And on his legacy... nobody that knows basketball questioned his legacy or the impact he's had on the game, and it's not just in the NBA. The guy across the street from me is a college coach. When he was in college his coaches ran "11 seconds or less." D'Antoni had universal respect from his peers long before this Rockets stint and was HOF bound, even if the Rockets stint went poorly. He changed the game, and that is something very few coaches have done. It doesn't really matter that most folk in here don't understand his contribution. The folks in here aren't HOF voters.
But to be informed about this issue you should look up coaches salaries. $5M after bonuses
would put him in the bottom half of the league. He's a two-time coach of the year; he deserves more respect. If HOU won't give it to him somebody else will.
The $5 Million is before playoff bonuses (which would accrue for every round advanced). Essentially all he'd have to do is finish the season and make the playoffs.
That hardly seems an unreasonable standard for one of the best teams in the league.
Also, I'm not sure where you are getting your info but $5 Million per season is on the high end of the mean for current NBA coaches.
Only championship coaches like Greg Popovich ($11M), Doc Rivers ($10M), and Rick Carlisle ($7M) earn significantly more with Scott Brooks' $7 Million from Washington being the lone outlier.
Five million is exactly what Steve Kerr earns and is notably more than guys like Brad Stevens and Eric Spoelstra.
Anyway, like it or not perception matters when it comes to coaching careers. Unfortunately for D'Antoni his two high profile disappointments is major markets had long overshadowed his success with the Suns. Especially given they were never able to get over the hump in Phoenix anyway.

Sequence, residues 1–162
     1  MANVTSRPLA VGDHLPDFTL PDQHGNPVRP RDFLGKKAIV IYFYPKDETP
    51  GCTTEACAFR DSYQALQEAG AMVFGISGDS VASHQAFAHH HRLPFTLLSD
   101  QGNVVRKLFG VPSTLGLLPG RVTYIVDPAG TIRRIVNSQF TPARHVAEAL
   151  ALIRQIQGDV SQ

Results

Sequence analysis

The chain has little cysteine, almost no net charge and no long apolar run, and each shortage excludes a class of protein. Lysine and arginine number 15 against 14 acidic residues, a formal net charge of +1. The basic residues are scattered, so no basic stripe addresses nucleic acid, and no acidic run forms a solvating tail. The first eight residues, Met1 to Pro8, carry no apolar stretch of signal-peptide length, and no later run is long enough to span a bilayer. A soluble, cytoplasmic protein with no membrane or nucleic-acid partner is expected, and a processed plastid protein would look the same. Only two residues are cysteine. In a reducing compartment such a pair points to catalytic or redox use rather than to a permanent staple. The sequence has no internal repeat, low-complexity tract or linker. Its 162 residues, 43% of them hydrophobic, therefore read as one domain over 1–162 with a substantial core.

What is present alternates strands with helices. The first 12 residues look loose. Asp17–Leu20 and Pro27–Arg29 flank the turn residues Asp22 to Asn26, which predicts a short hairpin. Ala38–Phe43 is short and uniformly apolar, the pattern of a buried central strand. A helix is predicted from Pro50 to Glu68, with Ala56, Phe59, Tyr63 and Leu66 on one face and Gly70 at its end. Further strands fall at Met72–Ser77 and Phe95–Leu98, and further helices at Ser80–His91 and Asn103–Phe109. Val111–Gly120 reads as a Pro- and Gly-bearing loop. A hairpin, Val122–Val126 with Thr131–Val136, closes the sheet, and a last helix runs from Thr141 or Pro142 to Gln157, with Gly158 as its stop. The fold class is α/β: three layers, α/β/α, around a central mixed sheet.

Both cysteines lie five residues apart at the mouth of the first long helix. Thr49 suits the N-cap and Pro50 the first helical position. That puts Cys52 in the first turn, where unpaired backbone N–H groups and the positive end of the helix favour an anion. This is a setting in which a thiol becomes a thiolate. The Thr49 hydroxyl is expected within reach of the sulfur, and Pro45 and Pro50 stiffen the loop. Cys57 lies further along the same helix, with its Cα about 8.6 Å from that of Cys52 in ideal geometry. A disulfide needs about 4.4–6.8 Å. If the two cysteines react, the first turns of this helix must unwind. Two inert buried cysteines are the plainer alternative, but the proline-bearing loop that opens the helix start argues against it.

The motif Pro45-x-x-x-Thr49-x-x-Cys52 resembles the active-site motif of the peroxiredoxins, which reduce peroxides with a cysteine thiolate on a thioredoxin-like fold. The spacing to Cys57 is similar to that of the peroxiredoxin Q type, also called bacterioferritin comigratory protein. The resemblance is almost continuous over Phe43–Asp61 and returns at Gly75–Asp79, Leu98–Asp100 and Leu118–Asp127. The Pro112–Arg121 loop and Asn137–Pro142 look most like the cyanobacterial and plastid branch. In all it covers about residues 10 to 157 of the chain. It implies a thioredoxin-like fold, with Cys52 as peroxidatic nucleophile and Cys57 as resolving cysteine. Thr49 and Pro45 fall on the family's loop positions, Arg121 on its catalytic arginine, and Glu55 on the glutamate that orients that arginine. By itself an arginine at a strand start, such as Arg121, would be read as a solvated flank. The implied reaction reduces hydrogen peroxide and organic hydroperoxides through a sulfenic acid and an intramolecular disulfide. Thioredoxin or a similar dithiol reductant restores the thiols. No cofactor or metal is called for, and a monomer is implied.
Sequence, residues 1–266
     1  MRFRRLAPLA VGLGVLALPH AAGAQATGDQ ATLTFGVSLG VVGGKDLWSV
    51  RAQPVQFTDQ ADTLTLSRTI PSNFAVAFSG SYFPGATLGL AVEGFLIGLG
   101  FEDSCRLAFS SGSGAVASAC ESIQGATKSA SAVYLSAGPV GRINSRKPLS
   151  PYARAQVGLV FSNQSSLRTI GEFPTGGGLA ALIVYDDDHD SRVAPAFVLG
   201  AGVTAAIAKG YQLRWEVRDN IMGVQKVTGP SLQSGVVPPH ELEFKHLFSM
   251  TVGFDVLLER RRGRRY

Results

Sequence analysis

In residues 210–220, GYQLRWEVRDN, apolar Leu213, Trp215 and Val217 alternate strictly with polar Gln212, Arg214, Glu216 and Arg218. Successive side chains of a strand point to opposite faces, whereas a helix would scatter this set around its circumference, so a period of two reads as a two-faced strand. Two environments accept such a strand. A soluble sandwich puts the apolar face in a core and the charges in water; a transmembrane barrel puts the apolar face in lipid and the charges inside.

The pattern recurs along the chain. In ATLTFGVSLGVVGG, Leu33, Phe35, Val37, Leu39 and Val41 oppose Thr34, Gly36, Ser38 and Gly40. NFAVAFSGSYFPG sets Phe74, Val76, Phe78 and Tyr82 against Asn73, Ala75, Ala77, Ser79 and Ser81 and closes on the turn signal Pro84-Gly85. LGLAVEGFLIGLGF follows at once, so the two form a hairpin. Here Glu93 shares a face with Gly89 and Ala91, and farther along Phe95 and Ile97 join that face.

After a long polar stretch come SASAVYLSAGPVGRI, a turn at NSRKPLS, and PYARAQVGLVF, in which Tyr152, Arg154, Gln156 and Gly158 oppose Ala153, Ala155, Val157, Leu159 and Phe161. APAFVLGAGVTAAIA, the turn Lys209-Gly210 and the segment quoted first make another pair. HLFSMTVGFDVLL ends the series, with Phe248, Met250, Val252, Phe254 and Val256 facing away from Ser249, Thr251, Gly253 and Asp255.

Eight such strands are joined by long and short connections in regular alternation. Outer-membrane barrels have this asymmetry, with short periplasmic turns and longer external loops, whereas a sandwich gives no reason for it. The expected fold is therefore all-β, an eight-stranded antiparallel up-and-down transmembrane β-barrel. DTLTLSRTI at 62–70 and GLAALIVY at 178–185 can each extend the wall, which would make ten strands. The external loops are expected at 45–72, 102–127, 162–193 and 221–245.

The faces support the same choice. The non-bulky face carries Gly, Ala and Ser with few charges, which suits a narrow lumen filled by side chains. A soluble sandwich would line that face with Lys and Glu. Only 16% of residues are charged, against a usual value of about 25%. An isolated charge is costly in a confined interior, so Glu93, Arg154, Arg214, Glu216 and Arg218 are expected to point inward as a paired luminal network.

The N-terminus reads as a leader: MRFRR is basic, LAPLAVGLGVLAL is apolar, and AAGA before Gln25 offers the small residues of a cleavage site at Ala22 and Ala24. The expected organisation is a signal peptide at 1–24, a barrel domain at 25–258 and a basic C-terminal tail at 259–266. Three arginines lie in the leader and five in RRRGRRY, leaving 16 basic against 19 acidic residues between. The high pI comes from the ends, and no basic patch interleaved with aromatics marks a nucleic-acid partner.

His legacy for the 5 years he spent coaching the Suns had been reduced to, at best lightning in a bottle, at worst a straight up fluke of that era. D'Antoni's name was not in demand in NBA circles and he had become a bit of a forgotten man on Philly's bench during one of their 10 win "The Process
I think you are suffering from a bit of revisionist history when it comes to D'Antoni's perception prior to arriving in Houston.
After his recent failures he came to the Rockets with legitimate question marks about his ability to succeed at a high level, his willingness to adapt to the roster, and his commitment to the defensive end.
That's part of the reason the Rockets insisted on independently hiring his associate head coach and some of the assistants on his staff.
Considering Houston was already one of the better teams in the West and had been to the WCF just two seasons prior, It's not a stretch to say that had D'Antoni bombed with the Rockets it may well have been the end of his career as an NBA head coach.
To my original point, it has been a mutually beneficial relationship. The Rockets have done as much, if not more, for D'Antoni's career as he has done for them. D'Antoni himself has acknowledged that his success in Houston has legitimized his time in Phoenix.
These are (were) negotiations and as expected both sides are trying to take advantage of any leverage, real or perceived. Suggesting the Rockets aren't dealing fairly with D'Antoni just isn't supported by the facts.